“Rules are made to broken.” As a child I was told that this was a bad, bad mantra. As a result, I grew up every mindful of what the rules were. I was likewise ever mindful of the consequence for breaking the rules. To break the rules meant being punished by my parents or being shamed in the eye of the public.
But in a very public way, Jesus broke many rules along his journey to the Cross. In this week’s text of Luke 13, Jesus breaks a biggie when he heals the woman on the Sabbath. To do so carried multiple implications. Not only was he doing so on the day of rest, but Jesus was healing a woman – bringing a multi-faceted reality of scoff before the religious class of his time.
Jesus broke the rules. Jesus broke the rules in order to fulfill the rules. Jesus broke with human rules to live out God’s understanding of those same rules. In essence, Jesus gave fullness to the rules by breaking the people’s misunderstanding that had evolved over the course of thousands of years.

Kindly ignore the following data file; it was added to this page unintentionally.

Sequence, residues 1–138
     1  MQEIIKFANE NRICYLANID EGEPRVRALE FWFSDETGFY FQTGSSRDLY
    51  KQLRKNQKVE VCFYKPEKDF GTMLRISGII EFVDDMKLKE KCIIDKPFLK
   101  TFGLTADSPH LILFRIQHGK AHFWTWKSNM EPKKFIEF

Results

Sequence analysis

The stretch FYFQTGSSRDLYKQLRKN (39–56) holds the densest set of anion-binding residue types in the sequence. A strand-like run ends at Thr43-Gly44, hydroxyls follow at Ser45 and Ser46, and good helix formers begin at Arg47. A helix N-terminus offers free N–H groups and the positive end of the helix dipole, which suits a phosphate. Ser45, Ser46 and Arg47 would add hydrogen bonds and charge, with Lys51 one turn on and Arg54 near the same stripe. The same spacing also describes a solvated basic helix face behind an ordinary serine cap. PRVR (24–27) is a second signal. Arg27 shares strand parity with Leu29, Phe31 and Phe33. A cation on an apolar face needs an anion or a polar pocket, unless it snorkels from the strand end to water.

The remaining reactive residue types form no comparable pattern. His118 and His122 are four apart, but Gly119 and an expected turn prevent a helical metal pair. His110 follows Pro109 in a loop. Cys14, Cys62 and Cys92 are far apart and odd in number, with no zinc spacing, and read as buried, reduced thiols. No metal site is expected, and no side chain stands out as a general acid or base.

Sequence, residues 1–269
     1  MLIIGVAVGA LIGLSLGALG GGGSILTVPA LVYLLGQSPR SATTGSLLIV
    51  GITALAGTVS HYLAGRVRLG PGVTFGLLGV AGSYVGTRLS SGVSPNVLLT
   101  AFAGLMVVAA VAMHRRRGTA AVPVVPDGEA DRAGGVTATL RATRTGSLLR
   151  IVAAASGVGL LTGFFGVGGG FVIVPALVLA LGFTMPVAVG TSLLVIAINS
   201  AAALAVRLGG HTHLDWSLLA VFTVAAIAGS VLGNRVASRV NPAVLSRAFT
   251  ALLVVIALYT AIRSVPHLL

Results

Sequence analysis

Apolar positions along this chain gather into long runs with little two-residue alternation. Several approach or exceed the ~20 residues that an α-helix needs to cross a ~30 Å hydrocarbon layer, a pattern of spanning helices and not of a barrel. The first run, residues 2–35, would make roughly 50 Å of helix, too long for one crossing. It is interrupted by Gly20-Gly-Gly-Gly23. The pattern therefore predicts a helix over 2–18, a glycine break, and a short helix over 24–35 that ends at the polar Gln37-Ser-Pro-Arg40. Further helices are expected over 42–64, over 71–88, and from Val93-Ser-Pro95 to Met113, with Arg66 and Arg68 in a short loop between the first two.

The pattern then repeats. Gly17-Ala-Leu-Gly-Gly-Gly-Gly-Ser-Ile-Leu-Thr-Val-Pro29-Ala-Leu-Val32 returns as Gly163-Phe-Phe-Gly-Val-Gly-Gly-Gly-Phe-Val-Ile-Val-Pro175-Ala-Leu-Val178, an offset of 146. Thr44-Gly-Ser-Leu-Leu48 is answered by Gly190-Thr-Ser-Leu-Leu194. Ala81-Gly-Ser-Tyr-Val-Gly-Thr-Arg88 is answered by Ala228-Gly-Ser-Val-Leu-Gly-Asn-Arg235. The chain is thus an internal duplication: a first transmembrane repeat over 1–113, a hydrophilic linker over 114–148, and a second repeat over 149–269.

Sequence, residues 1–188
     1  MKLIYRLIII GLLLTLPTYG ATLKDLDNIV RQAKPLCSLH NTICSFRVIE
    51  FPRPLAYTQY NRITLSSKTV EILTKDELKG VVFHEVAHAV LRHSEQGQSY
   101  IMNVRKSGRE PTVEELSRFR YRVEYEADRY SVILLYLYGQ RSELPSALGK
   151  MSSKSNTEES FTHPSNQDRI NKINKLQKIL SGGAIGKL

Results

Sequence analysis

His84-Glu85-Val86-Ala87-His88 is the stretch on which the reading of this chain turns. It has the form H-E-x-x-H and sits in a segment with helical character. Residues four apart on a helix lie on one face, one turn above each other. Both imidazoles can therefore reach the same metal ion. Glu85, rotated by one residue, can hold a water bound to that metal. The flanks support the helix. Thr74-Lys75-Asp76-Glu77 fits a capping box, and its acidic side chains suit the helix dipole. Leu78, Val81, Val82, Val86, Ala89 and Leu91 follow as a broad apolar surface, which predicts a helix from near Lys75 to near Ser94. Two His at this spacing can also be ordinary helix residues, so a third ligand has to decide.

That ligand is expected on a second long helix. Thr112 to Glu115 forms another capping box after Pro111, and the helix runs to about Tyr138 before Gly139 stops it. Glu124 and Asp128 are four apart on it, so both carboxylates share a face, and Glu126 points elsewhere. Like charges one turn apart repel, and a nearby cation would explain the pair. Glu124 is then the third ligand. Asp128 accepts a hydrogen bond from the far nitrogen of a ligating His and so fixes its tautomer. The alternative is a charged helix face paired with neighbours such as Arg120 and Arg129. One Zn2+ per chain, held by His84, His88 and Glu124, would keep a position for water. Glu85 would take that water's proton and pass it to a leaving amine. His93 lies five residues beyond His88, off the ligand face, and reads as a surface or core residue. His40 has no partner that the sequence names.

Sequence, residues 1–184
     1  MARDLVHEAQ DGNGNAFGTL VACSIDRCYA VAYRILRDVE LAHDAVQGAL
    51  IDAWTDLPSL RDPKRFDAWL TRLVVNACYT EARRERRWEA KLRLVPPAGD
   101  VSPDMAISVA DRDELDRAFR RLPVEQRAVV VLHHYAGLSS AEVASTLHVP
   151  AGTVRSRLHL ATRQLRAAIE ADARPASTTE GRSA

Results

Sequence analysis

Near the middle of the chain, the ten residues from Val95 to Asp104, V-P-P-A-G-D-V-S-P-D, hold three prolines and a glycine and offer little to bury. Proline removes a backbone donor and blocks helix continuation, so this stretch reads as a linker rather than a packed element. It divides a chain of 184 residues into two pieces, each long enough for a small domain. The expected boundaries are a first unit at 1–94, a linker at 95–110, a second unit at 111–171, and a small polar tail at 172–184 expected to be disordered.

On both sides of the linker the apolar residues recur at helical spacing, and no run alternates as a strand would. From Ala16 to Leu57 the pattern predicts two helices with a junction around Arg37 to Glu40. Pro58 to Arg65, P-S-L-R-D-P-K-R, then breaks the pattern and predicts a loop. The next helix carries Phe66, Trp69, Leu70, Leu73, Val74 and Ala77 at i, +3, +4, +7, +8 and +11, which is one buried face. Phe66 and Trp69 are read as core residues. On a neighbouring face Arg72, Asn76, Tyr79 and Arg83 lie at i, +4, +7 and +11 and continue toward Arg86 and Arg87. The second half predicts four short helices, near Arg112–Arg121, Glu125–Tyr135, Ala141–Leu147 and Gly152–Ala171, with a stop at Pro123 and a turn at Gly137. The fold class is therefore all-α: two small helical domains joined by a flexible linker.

Jesus takes our breath away by shining light on the rules…by breaking them…in the name of God’s unending love for all of his people. I look forward to seeing you at Young Harris UMC this Sunday for worship at 11 a.m. as we proclaim God’s love for all and the rules that must be re-examined in our lives.
Last night I was introducing the imposition of ashes for Ash Wednesday and God warmed my heart! As I was approaching the lectern at St. James UMC, the phrase “journey” came to my mind. In a split second I decided I would say to the sturdy gathering “We are calling you to a journey this Ash Wednesday.” Then, the Holy Spirit reminded me “God is calling us to a journey,” and that’s what I said: “God is calling us this day to journey with Him; to journey with Him toward the Cross.”
Whether this was a quick re-evaluation of right theology or a split-second word from God (I prefer the latter), the Spirit of God was present in the place. The imposition of ashes is a discipline that we as a Church do together but it’s God that is calling us to journey. God is calling us to repent and know the Gospel. God is calling us to be reminded of the painful reality that we are dying a physical death; God is calling us to die in an act of glorious tribute to our Creator, Sustainer and Redeemer.